We hear much in the financial press of the growing economic power of India and China. Its true if you just measure GDP and growth that these two huge countries are among the fastest developing nations in the world. However in many senses they are well behind in the sort of social structures that are essential for equal rights. In both these countries there are minorities which continue to suffer compared to those benefiting from the economic boom. Women in both countries face different challenges due to overriding social issues like religion and cultural expectations.
The steadily rising rate of financial Growth in India has been around 8% annually, and there is much speculation about if and once India could catch up with and exceed China’s over 10 percent growth rate. Irrespective of the evident excitement this subject appears to cause at India and abroad, it is surely rather ridiculous to be obsessed with India’s overtaking China in the speed of growth of GNP, although not comparing India with China in different respects, such as education, basic health, or life expectancy. Financial growth may, clearly, be hugely helpful in improving living standards and in combating poverty.
But there is hardly any reason behind carrying the development of GNP to become an end in itself, instead of seeing it as an essential means for attaining things we value. It might, nevertheless, be asked why this distinction needs to make much difference, since financial growth does improve our capacity to improve living standards. The central point to appreciate here’s that while monetary growth is essential for improving living conditions, its impact and reach depend considerably on what we do with the greater income. The connection between monetary growth and the progress of living standards depends upon lots of factors, including social and economic inequality and, no less importantly, on what the government will with the public revenue that’s generated by monetary growth.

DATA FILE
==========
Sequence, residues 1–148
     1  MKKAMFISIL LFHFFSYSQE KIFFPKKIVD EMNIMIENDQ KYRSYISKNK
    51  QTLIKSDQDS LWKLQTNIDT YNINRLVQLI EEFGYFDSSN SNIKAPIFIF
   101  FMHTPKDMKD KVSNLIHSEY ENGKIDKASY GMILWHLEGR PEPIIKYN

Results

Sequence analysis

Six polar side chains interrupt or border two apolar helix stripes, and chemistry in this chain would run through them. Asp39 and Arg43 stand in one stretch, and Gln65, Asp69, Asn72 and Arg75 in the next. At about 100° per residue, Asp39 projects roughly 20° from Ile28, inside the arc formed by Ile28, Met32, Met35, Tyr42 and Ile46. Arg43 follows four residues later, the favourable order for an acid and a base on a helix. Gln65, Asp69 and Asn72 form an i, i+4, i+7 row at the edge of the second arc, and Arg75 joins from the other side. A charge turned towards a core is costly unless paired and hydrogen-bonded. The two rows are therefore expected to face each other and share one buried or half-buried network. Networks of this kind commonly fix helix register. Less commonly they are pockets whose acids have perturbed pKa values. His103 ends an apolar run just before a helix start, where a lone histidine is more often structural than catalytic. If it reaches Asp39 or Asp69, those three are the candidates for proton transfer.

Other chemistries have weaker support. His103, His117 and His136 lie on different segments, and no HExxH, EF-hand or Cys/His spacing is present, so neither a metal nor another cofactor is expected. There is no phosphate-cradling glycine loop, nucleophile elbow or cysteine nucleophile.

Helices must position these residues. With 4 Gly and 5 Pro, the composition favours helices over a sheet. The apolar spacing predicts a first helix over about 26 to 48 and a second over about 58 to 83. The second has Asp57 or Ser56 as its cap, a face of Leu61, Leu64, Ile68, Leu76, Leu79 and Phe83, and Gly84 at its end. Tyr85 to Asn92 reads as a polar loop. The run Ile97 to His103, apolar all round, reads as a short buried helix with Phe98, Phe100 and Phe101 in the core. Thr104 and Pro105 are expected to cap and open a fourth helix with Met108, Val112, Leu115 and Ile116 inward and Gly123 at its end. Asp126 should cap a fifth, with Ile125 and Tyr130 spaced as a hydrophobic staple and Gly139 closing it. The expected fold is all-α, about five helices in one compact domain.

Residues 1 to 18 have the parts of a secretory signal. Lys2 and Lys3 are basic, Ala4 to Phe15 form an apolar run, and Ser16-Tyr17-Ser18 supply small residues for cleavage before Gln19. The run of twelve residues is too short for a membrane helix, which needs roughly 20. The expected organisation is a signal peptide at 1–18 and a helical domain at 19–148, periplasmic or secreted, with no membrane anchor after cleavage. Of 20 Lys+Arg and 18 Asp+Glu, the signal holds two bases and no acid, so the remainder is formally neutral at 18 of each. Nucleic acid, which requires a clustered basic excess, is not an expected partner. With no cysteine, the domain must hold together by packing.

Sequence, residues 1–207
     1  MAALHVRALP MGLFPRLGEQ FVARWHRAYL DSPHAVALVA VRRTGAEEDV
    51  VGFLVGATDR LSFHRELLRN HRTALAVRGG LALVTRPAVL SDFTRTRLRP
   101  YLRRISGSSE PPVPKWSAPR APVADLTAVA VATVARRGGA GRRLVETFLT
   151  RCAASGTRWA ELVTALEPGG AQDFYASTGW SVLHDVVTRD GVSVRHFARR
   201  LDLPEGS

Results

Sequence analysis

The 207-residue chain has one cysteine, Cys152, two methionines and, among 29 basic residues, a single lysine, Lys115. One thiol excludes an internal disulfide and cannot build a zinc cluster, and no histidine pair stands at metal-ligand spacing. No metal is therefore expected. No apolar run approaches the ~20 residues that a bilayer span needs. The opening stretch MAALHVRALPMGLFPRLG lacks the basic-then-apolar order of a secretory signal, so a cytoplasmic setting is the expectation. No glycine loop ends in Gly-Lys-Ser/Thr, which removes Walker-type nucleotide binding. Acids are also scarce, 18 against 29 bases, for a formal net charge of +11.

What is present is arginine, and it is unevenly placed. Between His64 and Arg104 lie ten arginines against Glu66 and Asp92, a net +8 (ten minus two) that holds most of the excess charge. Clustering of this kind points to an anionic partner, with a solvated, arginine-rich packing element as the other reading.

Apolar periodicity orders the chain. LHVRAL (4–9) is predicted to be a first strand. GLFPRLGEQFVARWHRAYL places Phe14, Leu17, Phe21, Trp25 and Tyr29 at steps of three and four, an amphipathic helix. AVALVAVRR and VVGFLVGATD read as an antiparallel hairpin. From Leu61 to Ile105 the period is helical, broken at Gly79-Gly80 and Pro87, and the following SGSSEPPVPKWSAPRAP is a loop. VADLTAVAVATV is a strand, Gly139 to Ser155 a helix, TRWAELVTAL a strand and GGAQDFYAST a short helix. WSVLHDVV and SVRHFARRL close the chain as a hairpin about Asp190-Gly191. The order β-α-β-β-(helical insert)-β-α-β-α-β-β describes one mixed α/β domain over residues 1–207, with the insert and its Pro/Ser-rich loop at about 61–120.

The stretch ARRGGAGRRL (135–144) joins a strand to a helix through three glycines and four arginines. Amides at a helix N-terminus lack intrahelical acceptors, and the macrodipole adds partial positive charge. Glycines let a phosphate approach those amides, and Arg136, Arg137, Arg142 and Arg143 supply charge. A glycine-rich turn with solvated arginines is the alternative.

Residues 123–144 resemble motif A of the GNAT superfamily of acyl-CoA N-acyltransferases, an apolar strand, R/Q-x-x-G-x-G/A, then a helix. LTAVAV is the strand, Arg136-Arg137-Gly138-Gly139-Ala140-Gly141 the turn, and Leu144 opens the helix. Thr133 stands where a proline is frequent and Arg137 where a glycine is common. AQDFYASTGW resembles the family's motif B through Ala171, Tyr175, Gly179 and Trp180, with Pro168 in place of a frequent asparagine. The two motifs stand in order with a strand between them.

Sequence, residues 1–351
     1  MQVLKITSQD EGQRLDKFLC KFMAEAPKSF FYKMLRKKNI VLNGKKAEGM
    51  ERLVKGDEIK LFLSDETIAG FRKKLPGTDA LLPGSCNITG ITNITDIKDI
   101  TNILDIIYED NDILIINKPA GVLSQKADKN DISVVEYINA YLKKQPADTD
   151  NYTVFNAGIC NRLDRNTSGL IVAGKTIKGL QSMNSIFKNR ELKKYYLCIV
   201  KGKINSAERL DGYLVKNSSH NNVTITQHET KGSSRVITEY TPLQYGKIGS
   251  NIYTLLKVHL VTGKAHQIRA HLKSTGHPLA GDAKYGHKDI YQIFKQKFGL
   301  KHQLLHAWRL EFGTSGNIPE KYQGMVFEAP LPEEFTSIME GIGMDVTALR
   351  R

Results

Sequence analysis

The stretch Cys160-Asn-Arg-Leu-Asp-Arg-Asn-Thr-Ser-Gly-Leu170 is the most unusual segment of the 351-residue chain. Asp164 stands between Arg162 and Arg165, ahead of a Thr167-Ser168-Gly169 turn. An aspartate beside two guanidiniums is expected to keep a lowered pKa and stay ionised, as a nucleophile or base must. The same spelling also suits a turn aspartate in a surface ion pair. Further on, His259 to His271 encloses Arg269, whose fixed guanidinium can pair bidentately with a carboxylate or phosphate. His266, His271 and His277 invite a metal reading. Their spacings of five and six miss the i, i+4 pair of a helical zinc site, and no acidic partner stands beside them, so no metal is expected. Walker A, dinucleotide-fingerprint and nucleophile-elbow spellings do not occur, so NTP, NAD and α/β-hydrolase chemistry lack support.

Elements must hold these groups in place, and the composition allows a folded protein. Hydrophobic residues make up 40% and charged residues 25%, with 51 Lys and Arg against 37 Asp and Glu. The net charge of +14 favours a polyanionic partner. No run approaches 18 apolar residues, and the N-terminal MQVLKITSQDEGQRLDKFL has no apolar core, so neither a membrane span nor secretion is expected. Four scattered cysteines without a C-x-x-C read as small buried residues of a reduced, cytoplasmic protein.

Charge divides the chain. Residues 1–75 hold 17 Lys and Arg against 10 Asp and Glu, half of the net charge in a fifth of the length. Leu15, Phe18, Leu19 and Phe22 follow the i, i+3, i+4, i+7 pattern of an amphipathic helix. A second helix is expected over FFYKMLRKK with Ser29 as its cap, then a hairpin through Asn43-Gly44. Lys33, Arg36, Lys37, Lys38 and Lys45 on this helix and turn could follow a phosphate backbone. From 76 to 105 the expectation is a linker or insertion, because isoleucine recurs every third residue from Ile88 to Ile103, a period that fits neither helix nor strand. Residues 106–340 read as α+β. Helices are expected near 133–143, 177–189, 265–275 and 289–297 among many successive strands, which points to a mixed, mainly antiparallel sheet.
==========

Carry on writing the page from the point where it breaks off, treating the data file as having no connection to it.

How much will all this wealth help impact women’s lives is difficult to say. In some senses both are largely male dominated societies although for very different reasons. We do have some insight into the Indian culture in the UK as there is a large Indian population in many major UK cities. However it’s difficult to compare with the women who live on the Asian continent. The happy, shiny world of Bollywood which can be found on some UK TV channels abroad (example here – http://uktvabroad.org/ ) – this is not always that representative of real life.
Some statistics with China and India, drawn mainly from the World Bank and the UN, are relevant here. Life expectancy at birth at China is 73.5 years, in India it’s 64.4 years. The infant mortality speed is fifty per thousand in India, compared with all only seventeen in China, the mortality speed for kids under five is sixty six per thousand for Indians and nineteen for the Chinese, and the maternal mortality speed is 230 per 100, 000 live births in India and 30 eight in China. The mean years of schooling at India were estimated to be 4.4 years, compared with 7.5 years in China.
China’s adult literacy speed is 94 percent, compared with all Indias 74 percent in accordance with the preliminary tables of the 2011 census. As a consequence Of Indias effort to boost the schooling of women, its literacy rate for females between ages 15 and twenty four has obviously risen, but that speed is still not a lot of above 80 percent, while in China it’s 99 percent. Among the serious failure of India Is a very substantial proportion of Indian kids are, to varying degrees, undernourished, compared with a small proportion in China. Only 66 percent of Indian kids are immunized with triple vaccine, as opposed to 97 percent at China. Comparing India with China based on such standards may be more useful for political discussions in India than limiting the contrast to GNP growth rates only.
BBC News and Economic Data – http://bbciplayerabroad.co.uk/bbc-iplayer-vpn-not-working/